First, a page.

White Awake: An Honest Look at What It Means to Be White Daniel Hill (IVP) $16.00
Saturday night Beth and I both sensed that we were more exhausted than usual; we keep weird hours and often are drained, it seems, but this was something else. And it was obvious to us what was behind it.
The night before we watched hours of live footage of the “Unite the Right” march, complete with Nazi slogans, Hitler salutes, and all kinds of white supremacist and anti-immigration meanness. As the shouting men with torches surrounded the Charlottesville church where Christians and others worshiped – including some friends of ours! – I was in an unpleasant Facebook debate with a person who insisted that this faith-based counter-witness of worship was not really faith-based. His spreading disinformation about my pious friends upset me almost as much as the trauma of seeing the vile chanting and creepy flags of the far, far right as they advanced on Mr. Jefferson’s university.
The next day we gathered at our own local church for a memorial service for a dear friend, a black woman who was an inner city school teacher most of her adult life, and whose family have offered good leadership to our Presbyterian congregation. Miss Jenny co-taught third grade Sunday school for decades, including to all three of our children, not to mention our current Associate Pastor when she was child coming up our congregation. Pastor Allison’s sermon/eulogy shared not only important insights about Jenny’s passion for ethnic diversity and racial justice, but recalled her own years “in pig tails and patent leather shoes” when Jenny so influenced her, sowing seeds that have come to fruition in Allison’s own call to pastoral ministry. Knowing that overt evil was marching in Charlottesville even as we laughed and cried and prayed and received communion in our multi-ethnic service celebrating the quiet life of a faithful black Presbyterian was, well, exhausting.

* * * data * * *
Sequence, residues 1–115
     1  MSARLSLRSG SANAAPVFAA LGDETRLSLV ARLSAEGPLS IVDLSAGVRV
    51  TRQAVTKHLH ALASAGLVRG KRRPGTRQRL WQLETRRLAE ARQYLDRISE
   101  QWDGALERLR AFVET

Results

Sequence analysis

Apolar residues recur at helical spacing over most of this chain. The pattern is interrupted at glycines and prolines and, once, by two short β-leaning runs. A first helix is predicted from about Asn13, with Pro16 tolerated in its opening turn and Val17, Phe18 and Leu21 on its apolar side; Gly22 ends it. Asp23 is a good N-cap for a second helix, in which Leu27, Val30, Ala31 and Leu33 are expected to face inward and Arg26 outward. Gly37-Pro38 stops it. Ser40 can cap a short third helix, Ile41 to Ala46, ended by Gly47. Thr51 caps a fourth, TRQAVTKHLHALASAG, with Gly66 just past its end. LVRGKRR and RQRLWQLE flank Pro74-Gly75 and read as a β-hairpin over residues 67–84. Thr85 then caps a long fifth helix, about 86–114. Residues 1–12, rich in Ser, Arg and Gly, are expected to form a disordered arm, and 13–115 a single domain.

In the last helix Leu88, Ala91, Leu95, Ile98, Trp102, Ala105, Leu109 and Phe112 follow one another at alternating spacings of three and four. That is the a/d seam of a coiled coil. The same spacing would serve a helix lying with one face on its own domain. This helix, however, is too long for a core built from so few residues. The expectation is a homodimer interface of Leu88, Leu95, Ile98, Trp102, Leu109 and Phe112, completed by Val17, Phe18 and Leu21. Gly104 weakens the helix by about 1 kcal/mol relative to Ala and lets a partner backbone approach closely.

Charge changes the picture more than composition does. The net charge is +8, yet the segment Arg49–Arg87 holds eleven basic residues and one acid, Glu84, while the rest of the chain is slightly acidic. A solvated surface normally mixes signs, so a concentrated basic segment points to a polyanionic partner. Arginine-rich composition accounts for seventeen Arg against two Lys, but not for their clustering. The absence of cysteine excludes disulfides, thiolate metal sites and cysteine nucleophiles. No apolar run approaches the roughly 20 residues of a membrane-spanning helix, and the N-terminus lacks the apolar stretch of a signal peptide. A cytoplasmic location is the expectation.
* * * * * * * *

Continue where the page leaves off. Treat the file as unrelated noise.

“Funerals are hard work,” Beth reminded me, even as we knew this one was joyous in some regards. A truly Christian funeral of one who dies well in the Lord can be a celebration, but this one was layered with the awful news of this awful reality about racism in America, this concurrent outrage unfolding just a few states away. The testimonies about Jenny’s pioneering work in racial reconciliation between an all-black and an all-white church during race riots in York in the mid-1960s and her on-going passion for teaching about diversity to our children would have been powerful in any season. To hear it on Saturday was remarkably poignant. And it was exhausting.
I realized that it was okay to admit to being drained.
But I also realize that as a white person celebrating the life a beloved friend at a wholesome church service, merely checking in on my phone about the alt-right rally, wasn’t threatening to me. I realize that it illustrates a bit of what we sometimes call white privilege; I was sad about so much, but the white nationalists weren’t after me, and I could go home safe and satisfied that I knew a civil rights leader in our town. I learned years ago from a good black friend that even as he honored my own growing awareness and dislocation about matters of racism that he experienced, those of us who are white allies in the journey to justice can walk away, take a break, blend in. It is what it is, as they say, but learning to be aware of such privilege, learning to recognize, manage and steward it, even, is a long, life-long journey.
By the way, in a brand new book edited by Adam Copeland, with a foreword by Dorothy C. Bass, called Beyond the Offering Plate: A Holistic Approach to Stewardship (WJK; $20.00) a group of mostly Lutheran and Presbyterian theologians and Bible scholars offer chapters on a variety of aspects of stewarding well our givens — our bodies, our time, our work, our minds. Margaret P. Aymer, a New Testament professor at Austin Presbyterian Theological Seminary has a chapter called “Stewardship Of Privilege” in which she deconstructs the notion, in favor of a “stewardship of incarnation.”
There are a lot of voices from a lot of perspectives trying to help us think and live faithfully in these times.
My friend Drew Hart, who used to work for the CCO, has a story in his must-read Trouble I’ve Seen: Changing the Way the Church Views Racism (Herald Press; $16.99) where he is in a meeting for those who were pretty invested in and further along the journey to dismantle white supremacy, a small group heart-to-heart about deep stuff regarding our racial identity and moving towards a more just and equitable future. In this story, Hart is taken aback when a woman from the meeting is agitated and asks to speak with him after the meeting. She trusted him and wondered what he thought of the consensus in the group that one can’t be a real Christian if one is white.